The case against PTI Chairman Imran Khan in the Supreme Court regarding the purchase of his Bani Gala estate is slowly advancing towards a conclusion. As the situation stands now, Imran Khan’s legal team is struggling to justify and explain the money trail in the purchase of the sprawling hill-top estate. There is this annoying amount of £100,000 that somehow hasn’t left a paper trail so necessary to explain its presence — or absence. There may yet be a twist in the tale but the eventuality of the honourable judges ruling against the PTI supremo remains real.
In other words, Imran Khan could be disqualified as a member of the National Assembly, and perhaps barred from contesting the 2018 elections. What then? Here goes:
1. If PTI is able to garner the numbers to de-seat PPP’s Khursheed Shah as Leader of the Opposition in the National Assembly, it will be in a position to put its own nominee in this important position. Shah Mehmood Qureshi’s possible nomination for the position last week elicited a visceral reaction from within the party rank and file forcing him on the defensive and stating Imran would make the final decision. Naeemul Haq — Imran’s confidante — then faced the cameras and declared unequivocally that in fact Imran Khan would, most definitely, be the PTI nominee for the post of the Leader of the Opposition. Except there’s a problem.
2. If the decision for the Leader of the Opposition is taken before the judges decide the case, and if Imran Khan is indeed nominated as the person to replace Shah, and if he does indeed become the Leader of the Opposition and occupies the chair across the aisle from the prime minister, and if then the SC flings the judgment against him like a thunderbolt and disqualifies Imran Khan from being a member of the National Assembly — then we do have a problem.
3. If this were to happen, the honourable and most elevated Supreme Court would have successfully knocked out a prime minister and a leader of the opposition within a span of a few weeks. Go figure the optics of such an eventuality. And while you are doing so, spare a thought for the PTI chairman who would go down in history as possibly the shortest serving leader of the opposition in parliament.
4. Which is why if Imran Khan is smart — and if he wants to be the leader of the opposition — he would wait for the SC judgment before attempting to dislodge Khursheed Shah. He may want to think through the consequences of an ill-timed decision.
5. And yet there are other complications: a) the SC case against him may conclude but the judges may reserve their judgment. There’s only so much long the PTI can wait before it has to decide one way or the other about its bid to claim the slot of the leader of the opposition. Since the PTI has already cast the die it cannot let the issue linger on. The numbers will be clear fairly soon; b) if the judgement is taking time and PTI has to decide, it will either have the numbers and decide about Khan as the nominee; or not have the numbers and admit a humiliating defeat.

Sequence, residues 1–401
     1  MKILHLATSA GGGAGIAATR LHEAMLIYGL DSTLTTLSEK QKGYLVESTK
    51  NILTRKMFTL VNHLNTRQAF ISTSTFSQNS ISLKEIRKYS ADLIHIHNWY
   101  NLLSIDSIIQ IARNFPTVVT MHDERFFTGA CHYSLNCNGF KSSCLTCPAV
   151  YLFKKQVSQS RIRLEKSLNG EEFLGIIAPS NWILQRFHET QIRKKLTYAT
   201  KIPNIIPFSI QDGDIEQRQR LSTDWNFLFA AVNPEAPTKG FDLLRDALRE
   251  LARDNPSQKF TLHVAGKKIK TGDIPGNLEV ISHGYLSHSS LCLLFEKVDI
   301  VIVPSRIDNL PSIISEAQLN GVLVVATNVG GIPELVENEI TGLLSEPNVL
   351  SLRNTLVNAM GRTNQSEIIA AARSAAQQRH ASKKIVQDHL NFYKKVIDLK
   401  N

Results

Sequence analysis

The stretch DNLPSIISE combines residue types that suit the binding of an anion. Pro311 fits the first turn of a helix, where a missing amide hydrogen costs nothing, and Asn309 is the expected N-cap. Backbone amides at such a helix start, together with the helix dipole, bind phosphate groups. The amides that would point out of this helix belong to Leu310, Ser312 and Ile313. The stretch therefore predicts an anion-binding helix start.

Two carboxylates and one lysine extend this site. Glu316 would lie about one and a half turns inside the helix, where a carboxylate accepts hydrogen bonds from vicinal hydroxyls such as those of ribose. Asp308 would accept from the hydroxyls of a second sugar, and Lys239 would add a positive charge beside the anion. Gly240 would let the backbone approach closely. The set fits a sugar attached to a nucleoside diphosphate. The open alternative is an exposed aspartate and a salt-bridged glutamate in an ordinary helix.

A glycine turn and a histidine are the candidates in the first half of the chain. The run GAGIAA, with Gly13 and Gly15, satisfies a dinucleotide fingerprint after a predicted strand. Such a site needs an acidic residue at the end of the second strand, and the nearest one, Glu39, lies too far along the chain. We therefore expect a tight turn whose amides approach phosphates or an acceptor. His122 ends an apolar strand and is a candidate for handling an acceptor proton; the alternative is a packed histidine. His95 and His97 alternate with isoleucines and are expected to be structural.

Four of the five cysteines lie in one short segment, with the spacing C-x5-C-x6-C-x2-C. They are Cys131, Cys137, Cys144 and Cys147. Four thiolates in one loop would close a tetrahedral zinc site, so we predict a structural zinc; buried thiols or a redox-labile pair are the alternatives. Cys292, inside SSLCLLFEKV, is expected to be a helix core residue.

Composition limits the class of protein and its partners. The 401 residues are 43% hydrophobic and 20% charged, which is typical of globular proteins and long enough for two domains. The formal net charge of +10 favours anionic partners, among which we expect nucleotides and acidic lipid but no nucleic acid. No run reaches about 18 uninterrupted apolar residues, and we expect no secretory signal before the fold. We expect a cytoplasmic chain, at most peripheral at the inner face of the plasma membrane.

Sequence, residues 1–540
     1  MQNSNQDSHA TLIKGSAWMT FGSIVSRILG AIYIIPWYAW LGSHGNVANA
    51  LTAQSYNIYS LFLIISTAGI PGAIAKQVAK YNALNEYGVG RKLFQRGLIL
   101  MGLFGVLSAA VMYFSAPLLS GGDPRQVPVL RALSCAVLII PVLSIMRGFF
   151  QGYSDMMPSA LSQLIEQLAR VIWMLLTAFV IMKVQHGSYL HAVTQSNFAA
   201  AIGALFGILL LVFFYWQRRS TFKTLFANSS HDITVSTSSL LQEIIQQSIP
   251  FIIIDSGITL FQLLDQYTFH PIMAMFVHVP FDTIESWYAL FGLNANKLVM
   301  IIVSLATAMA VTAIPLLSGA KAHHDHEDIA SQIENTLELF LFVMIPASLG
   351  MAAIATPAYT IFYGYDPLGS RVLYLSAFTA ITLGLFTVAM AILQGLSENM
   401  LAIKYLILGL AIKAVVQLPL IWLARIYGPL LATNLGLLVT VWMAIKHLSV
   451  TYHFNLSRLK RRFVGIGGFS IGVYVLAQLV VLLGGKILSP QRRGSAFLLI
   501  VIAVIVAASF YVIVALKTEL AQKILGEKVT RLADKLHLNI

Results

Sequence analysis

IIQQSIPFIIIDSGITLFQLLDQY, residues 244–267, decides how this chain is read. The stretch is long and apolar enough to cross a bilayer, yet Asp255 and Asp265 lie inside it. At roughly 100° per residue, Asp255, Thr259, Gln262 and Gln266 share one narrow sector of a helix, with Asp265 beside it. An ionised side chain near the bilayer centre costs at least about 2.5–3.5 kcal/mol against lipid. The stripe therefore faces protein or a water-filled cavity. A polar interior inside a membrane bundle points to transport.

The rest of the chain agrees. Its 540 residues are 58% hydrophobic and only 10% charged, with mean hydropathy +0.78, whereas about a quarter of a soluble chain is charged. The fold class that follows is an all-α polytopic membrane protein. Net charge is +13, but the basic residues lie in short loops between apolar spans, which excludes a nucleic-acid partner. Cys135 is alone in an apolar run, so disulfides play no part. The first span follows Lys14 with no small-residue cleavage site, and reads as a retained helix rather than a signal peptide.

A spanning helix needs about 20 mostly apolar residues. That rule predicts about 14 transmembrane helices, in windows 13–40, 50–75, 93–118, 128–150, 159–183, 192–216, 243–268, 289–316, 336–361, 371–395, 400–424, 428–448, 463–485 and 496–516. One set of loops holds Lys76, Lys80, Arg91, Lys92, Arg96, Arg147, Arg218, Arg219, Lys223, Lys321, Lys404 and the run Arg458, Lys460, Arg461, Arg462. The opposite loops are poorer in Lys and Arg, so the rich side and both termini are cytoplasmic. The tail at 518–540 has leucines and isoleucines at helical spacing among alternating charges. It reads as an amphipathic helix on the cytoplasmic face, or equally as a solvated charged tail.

6. If PTI has the numbers, it will need to gamble with its nominee: a) go with Khan and run the risk of him being kicked out of the slot and the assembly by the court; b) opt for Shah Mehmood Qureshi or some other senior person and risk serious dissent and rancor within its ranks. Either way the outcomes are not pretty.
7. And if these outcomes are not pretty, buckle up in case Imran is disqualified and barred from contesting the next elections. The following immediate consequences would kick in: a) PTI will have to figure out who its prime minister would be if it wins the next elections. Minus Imran, this exercise for the party would be like going through a leg amputation with a steak knife without anesthesia. Recall the vicious reaction to the possible nomination of Shah Mehmood Qureshi as leader of the opposition, and now imagine the same party leadership — riven as it is with intense jealousy and factionalism — trying to agree on a prime minister. Yes, Imran Khan will nominate someone from among the senior ranks (Asad Umar, Shah Mehmood, Jahangir Tareen, Fawad Chaudhry?) but turbulence is not hard to imagine. Recall this is the same party that is yet to heal the self-inflicted wounds of its party elections.
8. Even more damaging would be the moral decapitation of Imran Khan and by extension the politics espoused by him and his party. He and Nawaz Sharif would then share a dubious moral equivalence in terms of misdemeanours as identified by Supreme Court judges. If the PML-N plays its cards right, it could in such an eventuality dilute to a significant level the damage done by its leader’s disqualification.
9. With Nawaz Sharif and Imran Khan both out of the electoral battle of 2018, two major questions will arise: a) what is the credibility and sustainability of a system in which the two most popular leaders of the country are not on the ballot? And b) has representative democracy been beaten down by the powerful establishment to a level where its effectiveness in terms of real governance is in serious doubt?
10. If Imran Khan is disqualified, it will not mark the end of his politics. The irony may be lost on him that he will benefit from the same clause he has condemned so vociferously for enabling Nawaz Sharif to return as the president of his party. And yet Imran’s disqualification — if it were to happen — would reorient the contours of the debate about politics, accountability, courts and the role of the establishment in our ever-turbulent landscape.
It is high time politicians war-gamed some sense into their decision-making process.
Published in The Express Tribune, October 1st, 2017.